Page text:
What is raw video? omg video footage😲😲😲😲 - TECHNO NEWSPAPER
SUBTOTAL :

TECH

TECH
What is raw video? omg video footage😲😲😲😲

What is raw video? omg video footage😲😲😲😲

Short Description:
What is raw video? full detail raw video how to use raw video

Product Description

What is raw video?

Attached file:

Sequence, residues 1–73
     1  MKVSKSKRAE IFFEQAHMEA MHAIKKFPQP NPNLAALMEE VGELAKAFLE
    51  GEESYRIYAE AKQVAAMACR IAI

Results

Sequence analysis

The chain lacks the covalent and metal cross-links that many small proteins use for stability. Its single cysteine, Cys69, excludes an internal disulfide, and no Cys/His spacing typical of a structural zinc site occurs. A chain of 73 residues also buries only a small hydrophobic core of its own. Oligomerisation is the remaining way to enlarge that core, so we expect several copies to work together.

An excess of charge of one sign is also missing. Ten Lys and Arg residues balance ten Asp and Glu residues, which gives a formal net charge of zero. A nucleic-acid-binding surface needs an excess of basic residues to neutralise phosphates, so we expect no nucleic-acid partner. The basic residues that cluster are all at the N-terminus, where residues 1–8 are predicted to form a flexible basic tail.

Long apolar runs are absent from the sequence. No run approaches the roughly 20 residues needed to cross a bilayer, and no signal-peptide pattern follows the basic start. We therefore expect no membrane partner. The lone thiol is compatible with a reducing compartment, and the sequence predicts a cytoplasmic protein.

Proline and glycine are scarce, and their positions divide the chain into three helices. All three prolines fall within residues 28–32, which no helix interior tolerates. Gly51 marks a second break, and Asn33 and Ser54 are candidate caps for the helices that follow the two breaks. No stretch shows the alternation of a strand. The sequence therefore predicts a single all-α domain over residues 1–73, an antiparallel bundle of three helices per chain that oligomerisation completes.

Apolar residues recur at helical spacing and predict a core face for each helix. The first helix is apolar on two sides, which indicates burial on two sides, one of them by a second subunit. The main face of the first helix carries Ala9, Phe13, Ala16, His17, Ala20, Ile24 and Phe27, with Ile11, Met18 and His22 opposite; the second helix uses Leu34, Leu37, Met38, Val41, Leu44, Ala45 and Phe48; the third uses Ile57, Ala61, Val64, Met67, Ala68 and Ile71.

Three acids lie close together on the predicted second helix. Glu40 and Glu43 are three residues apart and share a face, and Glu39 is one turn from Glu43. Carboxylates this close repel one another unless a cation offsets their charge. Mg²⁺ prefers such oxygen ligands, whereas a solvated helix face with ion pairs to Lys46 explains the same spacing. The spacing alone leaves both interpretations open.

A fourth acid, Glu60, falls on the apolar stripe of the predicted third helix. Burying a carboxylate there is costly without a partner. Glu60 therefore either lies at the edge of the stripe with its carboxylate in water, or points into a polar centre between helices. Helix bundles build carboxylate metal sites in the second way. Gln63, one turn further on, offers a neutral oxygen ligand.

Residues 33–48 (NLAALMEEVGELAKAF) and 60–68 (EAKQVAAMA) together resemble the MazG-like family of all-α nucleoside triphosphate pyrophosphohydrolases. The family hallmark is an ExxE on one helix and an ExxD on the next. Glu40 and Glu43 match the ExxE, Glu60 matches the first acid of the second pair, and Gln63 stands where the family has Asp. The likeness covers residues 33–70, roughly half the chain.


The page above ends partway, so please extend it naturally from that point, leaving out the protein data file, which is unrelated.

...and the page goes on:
WHAT IS RAW VIDEO:- today we're gonna be talking about RAW video. Specifically, we're here to clear up some misconceptions about RAW and help give a good idea about when is the good time to use RAW and when should I use other video formats? RAW is basically untampered with sensor data directly from the camera. Any decision you're gonna make about it in terms of white balance or exposure. That's what's gonna happen in post-production as opposed to in the camera. That's not to say that you don't have to like get your aperture right on your lens or anything like that. You still have to do that. So in the RAW to video process. There are a lot of things that happen but here are kind of the basics. At first, you start out with a Bayer Pattern so you've got four different photo sites. Two green, one blue, one red and those four photo sites will one day become a full-grown pixel. In the process, you're going to have edge refinement so if you're looking at my face right now. I've got a beard and it's kind of fuzzy but the edges of the beard, hairs themselves or the side of my face. That has to be reconstructed inside of the camera and there are different algorithms that you can use to make that really nice and sharp and clean. From there, you'll also gonna have things like noise management because let's face it. Sensors, they can get really noisy especially in shadows. Shadows just love to light up with little dots of grains of blue and red and green here and there and either the camera itself or your post-production software has to take care of removing some of that noise so that you don't end up with a really gross looking image. After that, you have to take the image and apply a white point and do a colour space conversion so you have to go from all these ones and zeros to something like Rec 709 or Rec 2020, something that's actually visible to the human eye. Finally, there's tone mapping that'll take the data from the sensor and turn it into something like ARRI Log C or Sony Log or Canon Log, one of those sort of curves. And all of that takes place either in-camera, like a standard Log scenario or if you're working with RAW, you have sensor data that's turned into ones and zeros inside of the camera but then everything else happens outside of the camera. Your white balance, your colour space, your tone mapping. It's all determined inside of software later. And one of the benefits is companies can add new algorithms for edge refinement and out of gamma colour handling and noise management and all of that sort of stuff. RED actually recently did this with their IPP2 colour science so if you take footage from 2007, 2008 shot on a RED camera, you can actually apply the new IPP2 colour science inside of REDLINE-X or Final Cut or whatever you're working with your RED footage. And you'll have sharper edges, you'll have less noise than the image. You'll have better handling of highlights and really saturated colours. One of the really cool things with Apple ProRes RAW is that Apple improves Final Cut Pro X's de-layering algorithms. Any footage that you shot with ProRes RAW will gain those new algorithms and have the ability to look even more pristine than it did when it first came out of the camera. Then you've got kind of this half RAW, half not formats like Blackmagic RAW. You're de-layering, your edge refinement, your noise management, your sensor profiling. All of that happens inside the camera and then things like tone mapping, colour space transforms and your white balance can all be controlled outside of the camera and your post-production process. The benefit to that is that all of these very compute-intensive processes happen inside the camera so playback of these files can go much faster on your computer. You're not having to figure out how to take these four different photo sites and turn them into a pixel so you still have your metadata controls that come along with RAW without having to give up the processing power of your computer. One of the downsides is Blackmagic can make changes to edge refinement, sensor profiling and noise management but those refinements can only take place to updated firmware of the camera and will only benefit new footage that is shot. You won't be able to give new life to old footage like you can with RED, Sony, Canon and Apple ProRes RAW. So there are benefits and drawbacks to doing that halfway scenario. Back to the idea of Log, the question is well, if there are these benefits to RAW of making those decisions later, do I really need to always shoot RAW to be able to get the prettiest, most beautiful image that I can from my production? And the answer is no. In many cases, people would shoot a camera like the ARRI Alexa using ProRes 4444 for there are a lot of fours in that one. They'll shoot a format like that in ARRI Log C and they've got as much flexibility in post-production as they need. There are lots of feature films that have shot this way. There are feature films that have used ProRes 4444 XQ for their VFX plates and done the majority of their shooting in ProRes 4444. You can shoot commercials on Apple ProRes 422 on an ARRI and still get a beautiful image. The situations where you're really gonna want to use RAW are in situations where you run in gone. Maybe you don't have as much control over things like your exposure and white balance while you're in the field. Other scenarios are where maybe you have to have content that gets remastered over time. You're gonna shoot something now but you're gonna need to go back to that footage a year or two later. We're actually doing in-house right now. So we're taking footage that was shot pre-IPP2 and applying IPP2 technology to it now so we're getting much better quality images than we did a year ago. There are some situations where RAW definitely has its benefits but you do not have to shoot RAW to be able to have great looking footage and in fact, shooting RAW is not going to give you significantly more dynamic range, you're not gonna suddenly be able to work in HDR.  You can do those things with standard Log footage. One of the other big misconceptions that we've run into with RAW is that the idea of whether or not you can transcode from one codec to RAW but the thing is, RAW is only RAW if it's actually sensor data and you cannot transcode from something that wasn't RAW,0 to begin with to RAW and if you have RAW, to begin with, you can't transcode from that to another version of RAW because RAW is only a capture codec. You can only ever capture in RAW. You can't transcode to it. By nature, RAW is not transcoded from something else. So here's a challenge for you. Go to our website, lumaforge.com. Go to the Portfolio page, and we'd love to know if you can figure out which videos we shot RAW, which ones we shot Log and which ones we shot just standard video. Leave your thoughts down in the comments below and the person